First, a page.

Yogis know that the Downward Facing Dog is one of the most basic and essential poses in all yoga disciplines. Most people consider this to be one of the quintessential yoga poses for beginners. When you first started your yoga practice, you probably spent a lot of time focusing on the proper alignment and shape of this extremely basic asana. Sometimes, that attention to detail can be lost in the years and months of a developing yoga practice.
It’s time to get back to the basics and take a closer look at how you can better align your Downward Facing Dog pose.
Hands and Feet Should Be the Proper Distance Apart
Placing your hands and feet properly in a Downward Facing Dog is essential to prevent too much strain on your joints. Your hands should always be shoulder’s distance apart, and your feet should be hip’s distance apart. Both the hands and the feet should be parallel to the long side of your mat. The weight should be pressing equally into each finger of the hand and each toe of the foot. This prevents you from putting too much strain on the joints and allows you to experience a more satisfying Downward Facing Dog.
Don’t Let Your Head Hang
Allowing the head to simply hang in space might feel good for a moment, but you can actually damage the spine this way long-term. Allow the neck to become a natural extension of the spine, keeping the head in line with the rest of the body. It should fall somewhere close to the space between the upper arms depending on your body build. The ears will usually be in line with the arms. This should allow you to look at the feet or possibly between the knees.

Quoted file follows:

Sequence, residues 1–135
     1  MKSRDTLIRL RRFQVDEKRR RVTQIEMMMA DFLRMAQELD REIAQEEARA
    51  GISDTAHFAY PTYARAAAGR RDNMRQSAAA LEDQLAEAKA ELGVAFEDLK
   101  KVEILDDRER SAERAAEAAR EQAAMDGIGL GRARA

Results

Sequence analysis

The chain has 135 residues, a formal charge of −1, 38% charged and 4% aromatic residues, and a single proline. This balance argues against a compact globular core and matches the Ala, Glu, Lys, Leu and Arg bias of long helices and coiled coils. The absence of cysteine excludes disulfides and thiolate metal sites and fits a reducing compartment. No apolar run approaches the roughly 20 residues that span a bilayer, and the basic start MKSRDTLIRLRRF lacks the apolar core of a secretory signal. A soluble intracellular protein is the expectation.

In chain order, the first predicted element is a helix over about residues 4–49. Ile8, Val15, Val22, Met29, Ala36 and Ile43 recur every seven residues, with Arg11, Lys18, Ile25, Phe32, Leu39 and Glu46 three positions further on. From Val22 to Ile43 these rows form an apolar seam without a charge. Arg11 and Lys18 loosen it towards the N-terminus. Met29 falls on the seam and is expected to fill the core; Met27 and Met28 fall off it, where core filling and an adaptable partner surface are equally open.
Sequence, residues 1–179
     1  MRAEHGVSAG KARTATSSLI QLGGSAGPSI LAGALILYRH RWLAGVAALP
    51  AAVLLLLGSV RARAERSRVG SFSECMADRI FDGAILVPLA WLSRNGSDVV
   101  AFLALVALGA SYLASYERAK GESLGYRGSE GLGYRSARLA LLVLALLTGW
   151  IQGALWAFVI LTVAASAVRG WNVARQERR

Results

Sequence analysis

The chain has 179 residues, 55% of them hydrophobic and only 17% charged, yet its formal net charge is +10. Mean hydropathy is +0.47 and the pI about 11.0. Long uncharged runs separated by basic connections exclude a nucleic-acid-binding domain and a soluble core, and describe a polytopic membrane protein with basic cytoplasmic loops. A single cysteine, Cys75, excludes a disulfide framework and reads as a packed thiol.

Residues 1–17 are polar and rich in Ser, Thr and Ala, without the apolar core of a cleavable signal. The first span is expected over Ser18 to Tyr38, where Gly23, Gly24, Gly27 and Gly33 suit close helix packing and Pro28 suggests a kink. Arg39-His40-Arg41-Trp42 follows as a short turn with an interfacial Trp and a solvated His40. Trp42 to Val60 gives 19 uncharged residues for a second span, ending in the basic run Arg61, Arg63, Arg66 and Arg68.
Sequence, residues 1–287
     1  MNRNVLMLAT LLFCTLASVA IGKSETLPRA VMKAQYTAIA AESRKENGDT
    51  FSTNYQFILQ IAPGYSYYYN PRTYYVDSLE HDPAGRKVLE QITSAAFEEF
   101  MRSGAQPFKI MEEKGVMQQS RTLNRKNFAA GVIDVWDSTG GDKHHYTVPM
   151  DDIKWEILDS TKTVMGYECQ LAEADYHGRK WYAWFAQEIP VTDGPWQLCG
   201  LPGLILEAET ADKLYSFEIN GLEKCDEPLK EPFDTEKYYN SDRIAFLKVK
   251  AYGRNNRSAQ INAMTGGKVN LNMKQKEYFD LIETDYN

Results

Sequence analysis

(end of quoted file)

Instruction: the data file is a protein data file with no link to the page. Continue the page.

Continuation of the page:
Keep a Firm Core
When your arms and legs are working hard in this asana, it’s tempting to let your core muscles have a rest. However, the core muscles are essential to relieving the tension and pressure on your wrists. Be sure to keep the lower belly drawn in and the core muscles activated.
Bend the Knees to Tilt the Pelvis
Getting the straight alignment of the spine is more important than reaching your heels completely to the floor. Be sure to bend the knees to obtain the much-needed tilt in the pelvis that allows your spine to become long in the Downward Facing Dog. Once your back is straight and properly aligned, then you can begin reaching the heels down toward the floor for a better hamstring stretch. This can also help to relieve some of the pressure from the wrists
Obtaining the perfect alignment in your Downward Facing Dog is essential to maintaining a long and healthy practice over the years. Next time you move through a series of Sun Salutations, take a moment to pause in this essential pose. Think about your alignment and make any necessary adjustments so that you can enjoy the strength and feeling of this pose completely.